The Christian calendar marks the observance of various feasts and celebrations throughout the year. January 6 is the day on which the Christian church celebrates Epiphany. The Season of Epiphany then extends until the day before Ash Wednesday. Epiphany means manifestation or appearance. It is a time in which the church focuses on the divine presence as manifested in Jesus Christ in New Testament times and the implications of that manifestation for today. The season is an occasion to contemplate the unfolding of the revelation of God’s presence on earth through his son, Jesus Christ. It is a time to watch and wait as the mystery and glory of the presence of God in our midst is unveiled. What will it look like for God to walk among us? How will Jesus manifest God to the watching world?

The first event that is traditionally commemorated on the Day of Epiphany itself is the visit of the Magi to the infant Jesus in Matthew 2:1-12. The Magi journey from the east to find the one who has been born King of the Jews. When they arrive in Jerusalem, they inquire as to where they might find Jesus so that they might worship him. They are uncertain exactly where he is, but they are determined to find him, as that is the entire purpose of their long journey.

Their requests for help in their search ultimately lead them to King Herod. Herod is also interested in finding this King of the Jews. But Herod is not motivated by a desire to worship Jesus; rather, he is motivated by a desire to eliminate this potential threat to his own position as king of the Jews and the life of comfort and power that goes along with this position. Herod is an unlikely and unexpected guidepost on the Magi’s journey, pointing them in the right direction.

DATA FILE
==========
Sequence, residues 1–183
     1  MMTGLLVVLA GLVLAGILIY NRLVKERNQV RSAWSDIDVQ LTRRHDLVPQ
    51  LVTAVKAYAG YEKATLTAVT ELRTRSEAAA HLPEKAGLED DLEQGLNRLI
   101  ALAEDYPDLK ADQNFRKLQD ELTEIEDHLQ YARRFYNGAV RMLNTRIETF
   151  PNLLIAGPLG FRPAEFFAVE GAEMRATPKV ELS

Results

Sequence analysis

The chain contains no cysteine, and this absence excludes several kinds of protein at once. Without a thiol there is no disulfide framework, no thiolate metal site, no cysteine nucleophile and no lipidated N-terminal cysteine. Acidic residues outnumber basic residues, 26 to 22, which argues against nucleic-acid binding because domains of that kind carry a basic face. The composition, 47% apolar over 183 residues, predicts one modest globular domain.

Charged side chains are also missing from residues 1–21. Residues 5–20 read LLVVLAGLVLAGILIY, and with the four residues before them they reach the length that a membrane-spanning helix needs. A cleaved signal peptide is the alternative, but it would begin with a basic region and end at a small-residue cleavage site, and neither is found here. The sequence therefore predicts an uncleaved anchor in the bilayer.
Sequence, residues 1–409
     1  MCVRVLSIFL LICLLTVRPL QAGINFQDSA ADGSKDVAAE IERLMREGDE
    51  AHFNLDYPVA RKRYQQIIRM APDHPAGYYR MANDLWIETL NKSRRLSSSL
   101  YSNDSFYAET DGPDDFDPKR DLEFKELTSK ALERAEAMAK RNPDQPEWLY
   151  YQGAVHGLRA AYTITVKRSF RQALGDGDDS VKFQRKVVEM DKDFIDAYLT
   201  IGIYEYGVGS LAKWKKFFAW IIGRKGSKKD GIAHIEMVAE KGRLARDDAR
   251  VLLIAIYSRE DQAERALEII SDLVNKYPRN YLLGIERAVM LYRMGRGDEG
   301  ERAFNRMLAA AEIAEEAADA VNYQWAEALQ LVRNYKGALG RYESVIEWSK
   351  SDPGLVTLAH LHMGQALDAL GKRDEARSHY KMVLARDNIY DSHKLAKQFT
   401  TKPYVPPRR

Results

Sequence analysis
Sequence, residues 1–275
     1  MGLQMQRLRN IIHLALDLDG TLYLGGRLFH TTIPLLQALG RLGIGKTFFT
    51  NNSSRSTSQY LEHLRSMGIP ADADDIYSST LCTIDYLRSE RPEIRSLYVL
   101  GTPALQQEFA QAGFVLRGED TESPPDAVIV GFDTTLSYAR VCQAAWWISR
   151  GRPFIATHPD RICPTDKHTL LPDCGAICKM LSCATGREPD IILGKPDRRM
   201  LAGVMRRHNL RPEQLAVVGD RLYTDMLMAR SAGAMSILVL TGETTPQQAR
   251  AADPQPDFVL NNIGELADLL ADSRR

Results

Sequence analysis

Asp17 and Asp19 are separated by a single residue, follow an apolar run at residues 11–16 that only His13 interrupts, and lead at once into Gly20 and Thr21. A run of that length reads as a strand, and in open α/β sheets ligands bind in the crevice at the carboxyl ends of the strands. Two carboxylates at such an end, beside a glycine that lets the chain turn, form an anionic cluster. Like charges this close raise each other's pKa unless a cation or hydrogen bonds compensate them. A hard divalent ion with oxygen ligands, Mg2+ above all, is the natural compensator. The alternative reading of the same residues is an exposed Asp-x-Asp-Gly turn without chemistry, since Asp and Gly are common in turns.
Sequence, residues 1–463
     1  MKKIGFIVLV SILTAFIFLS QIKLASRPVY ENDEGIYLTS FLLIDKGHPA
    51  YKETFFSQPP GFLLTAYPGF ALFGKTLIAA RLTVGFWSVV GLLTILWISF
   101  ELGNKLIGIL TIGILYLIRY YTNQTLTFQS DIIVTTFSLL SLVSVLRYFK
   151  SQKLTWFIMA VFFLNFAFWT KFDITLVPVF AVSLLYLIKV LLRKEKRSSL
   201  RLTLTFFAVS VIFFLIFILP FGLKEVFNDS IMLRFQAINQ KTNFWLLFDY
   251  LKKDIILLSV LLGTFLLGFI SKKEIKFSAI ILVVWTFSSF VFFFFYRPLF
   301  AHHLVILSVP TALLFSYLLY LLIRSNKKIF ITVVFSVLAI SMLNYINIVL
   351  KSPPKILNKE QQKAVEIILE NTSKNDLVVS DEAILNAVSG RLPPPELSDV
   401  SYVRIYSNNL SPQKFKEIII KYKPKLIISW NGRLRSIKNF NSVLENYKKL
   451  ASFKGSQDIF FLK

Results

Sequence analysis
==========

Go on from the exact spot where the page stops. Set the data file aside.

As the Magi set out for Bethlehem, they were again guided by the star that had pointed them to Israel in the first place. Seeing that star and knowing they were headed in the right direction brought them great joy. The star led them unerringly to the house where the young child was. I wonder if the Magi had expected God to be manifest as a seemingly ordinary young child with his mother living in an ordinary house. Jesus was not surrounded by any royal trappings; his appearance was likely not particularly unusual. Yet the Magi bowed down and worshiped Jesus, offering him gifts of gold, frankincense, and myrrh. They knew they had reached their destination and found the one for whom they had been looking. They worshiped Jesus not because of what he looked like or what he did or any royal attire or surroundings. They worshiped him because of who he was.

In another unexpected turn of events, these Magi from the east were the first humans explicitly stated to have worshiped Jesus. This manifestation of God was to the Gentiles, not the Jews.  And, having been warned by God in a dream not to return to Herod, they went back to their own country by another way. The first part of their journey was a search to find and worship Jesus. But the journey did not end there. They were sent back to the east with their newfound knowledge, to live in light of the manifestation of the presence of God that they had seen and experienced.

As we enter the Season of Epiphany, we, too, are on a journey, searching for the presence of God in our world so that we might find him, worship him, present him with gifts, and then return to our daily lives to live out of the experienced reality of his presence. Along the way, we must watch for and seek direction on the journey, not discounting unexpected sources of guidance. We must examine our motives for the journey. Are we seeking him to worship him for who he is? What if what we find is not what we expected or hoped for? What if he asks us to give something we do not want to relinquish? What if reaching our destination threatens our comfort or control? As Jesus manifests God in unexpected and even mysterious ways in our lives, we must be willing to let go of our notions of what ought to be or what should be and surrender to the reality of God as he truly is. And then we must be willing to go from our encounter with this God who came to live in our midst back into our world to share our journey and manifest the effects it has wrought.